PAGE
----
In early September, authorities alleged a group of Boston police falsified time sheets to collect more than $200,000 over three years. Federal officials said officers ran the scheme out of the department’s evidence warehouse. Prosecutors accused the officers, including a lieutenant and two officers still in the department, of claiming they had worked full overtime shifts to clear an evidence backlog, when they worked only a portion of that time. According to a federal indictment, three supervisors not only took part in the scam, but approved the false reports.
Boston police Commissioner William Gross said the department’s anticorruption unit discovered the payroll abuses within the evidence management unit.
Wednesday’s discussion will follow months of intense council debate regarding Boston police overtime. The subject was at the heart of a contentious operating budget vote earlier in the summer. Mayor Martin J. Walsh, in a resubmitted budget proposal that came amid widespread demonstrations protesting police brutality, called for reallocating $12 million from Boston police overtime spending to social services and community programs.
For some councilors, however, the rerouting of the $12 million did not do enough to dismantle structural racism. In a contentious vote, the council passed the $3.61 billion operating budget, 8-5.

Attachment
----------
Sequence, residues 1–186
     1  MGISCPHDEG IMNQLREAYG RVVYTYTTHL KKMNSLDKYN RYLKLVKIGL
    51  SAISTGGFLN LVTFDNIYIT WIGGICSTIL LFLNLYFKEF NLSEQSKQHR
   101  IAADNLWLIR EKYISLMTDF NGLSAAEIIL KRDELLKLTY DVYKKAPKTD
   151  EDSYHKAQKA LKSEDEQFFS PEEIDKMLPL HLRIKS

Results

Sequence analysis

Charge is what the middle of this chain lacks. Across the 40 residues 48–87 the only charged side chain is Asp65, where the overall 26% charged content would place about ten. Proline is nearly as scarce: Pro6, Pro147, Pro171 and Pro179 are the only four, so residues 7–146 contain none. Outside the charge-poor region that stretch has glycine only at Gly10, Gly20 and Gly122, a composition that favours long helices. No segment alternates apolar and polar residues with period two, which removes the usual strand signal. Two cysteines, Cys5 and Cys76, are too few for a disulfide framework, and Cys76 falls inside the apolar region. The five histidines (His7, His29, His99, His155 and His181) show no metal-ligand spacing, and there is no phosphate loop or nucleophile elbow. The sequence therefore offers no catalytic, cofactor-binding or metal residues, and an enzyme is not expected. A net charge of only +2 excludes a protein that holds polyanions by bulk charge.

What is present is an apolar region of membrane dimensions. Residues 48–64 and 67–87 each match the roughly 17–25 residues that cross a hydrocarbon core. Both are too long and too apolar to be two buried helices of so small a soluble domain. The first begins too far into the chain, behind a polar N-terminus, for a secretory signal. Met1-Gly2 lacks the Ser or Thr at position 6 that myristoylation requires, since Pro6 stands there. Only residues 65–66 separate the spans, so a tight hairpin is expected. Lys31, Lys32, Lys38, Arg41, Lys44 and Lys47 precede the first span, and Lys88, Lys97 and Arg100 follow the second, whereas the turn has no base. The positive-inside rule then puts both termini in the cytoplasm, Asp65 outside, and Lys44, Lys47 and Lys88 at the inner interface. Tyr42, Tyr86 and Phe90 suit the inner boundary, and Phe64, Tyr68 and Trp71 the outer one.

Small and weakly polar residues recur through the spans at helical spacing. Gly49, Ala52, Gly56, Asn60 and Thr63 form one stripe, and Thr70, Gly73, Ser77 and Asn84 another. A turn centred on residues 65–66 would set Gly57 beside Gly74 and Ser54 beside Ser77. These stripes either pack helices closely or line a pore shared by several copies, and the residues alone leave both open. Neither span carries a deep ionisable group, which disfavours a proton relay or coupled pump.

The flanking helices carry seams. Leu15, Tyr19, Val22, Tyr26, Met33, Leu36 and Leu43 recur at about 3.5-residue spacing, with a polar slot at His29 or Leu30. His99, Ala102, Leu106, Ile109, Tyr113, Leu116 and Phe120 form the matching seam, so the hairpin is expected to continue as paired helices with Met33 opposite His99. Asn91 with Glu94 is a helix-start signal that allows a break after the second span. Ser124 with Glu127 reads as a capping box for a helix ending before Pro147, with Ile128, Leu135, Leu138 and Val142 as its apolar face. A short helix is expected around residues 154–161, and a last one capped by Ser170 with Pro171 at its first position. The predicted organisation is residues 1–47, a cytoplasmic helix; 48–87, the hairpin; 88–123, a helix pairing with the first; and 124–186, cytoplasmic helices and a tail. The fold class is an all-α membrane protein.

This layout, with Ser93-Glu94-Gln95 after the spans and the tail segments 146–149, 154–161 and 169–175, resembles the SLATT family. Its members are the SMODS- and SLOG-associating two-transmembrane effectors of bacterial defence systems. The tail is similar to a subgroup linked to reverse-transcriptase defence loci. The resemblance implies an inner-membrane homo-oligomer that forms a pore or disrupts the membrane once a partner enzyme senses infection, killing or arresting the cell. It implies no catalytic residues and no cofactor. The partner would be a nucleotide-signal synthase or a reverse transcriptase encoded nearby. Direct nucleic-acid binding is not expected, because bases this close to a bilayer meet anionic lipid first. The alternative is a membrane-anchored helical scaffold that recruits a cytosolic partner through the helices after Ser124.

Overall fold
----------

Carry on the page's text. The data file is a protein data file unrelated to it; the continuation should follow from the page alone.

In the aftermath of the budget vote, councilors said they wanted to see structural changes to make the overtime reduction a reality, since police overtime is one of the few line items in the city’s operating budget that is allowed to exceed its allotment, as it did for the last fiscal year.
Later in the summer, Boston police officials told city councilors that, on average, 94 positions are back-filled each day to replace officers who are out and still meet mandatory minimum staffing levels, which is a major factor that drives overtime costs. The everyday vacancies stemmed from sickness, injury, and vacation, among other reasons.
In a statement Tuesday, Councilor Andrea Campbell, who has spearheaded an effort to establish a civilian review board for police misconduct, said that city authorities have yet to demonstrate how the police overtime budget can be reduced and said that it troubling to hear of potential overtime abuses, which she said “underscores the need for effective oversight.”
“Real transparency and accountability is part of building public trust with law enforcement, and I am proud that the Council continues to lead on this issue,” she said.
Last month, a task force appointed by Walsh called for Boston police to increase transparency and accountability within its fledgling police body camera program, to diversify its ranks, and to expand training for implicit bias among officers. It also recommended the creation of a new, independent agency that would be empowered to review all allegations of police misconduct and use of force, with the ability to subpoena witnesses.
Milton J. Valencia, Matt Rocheleau, and Gal Tziperman Lotan of Globe staff contributed to this report.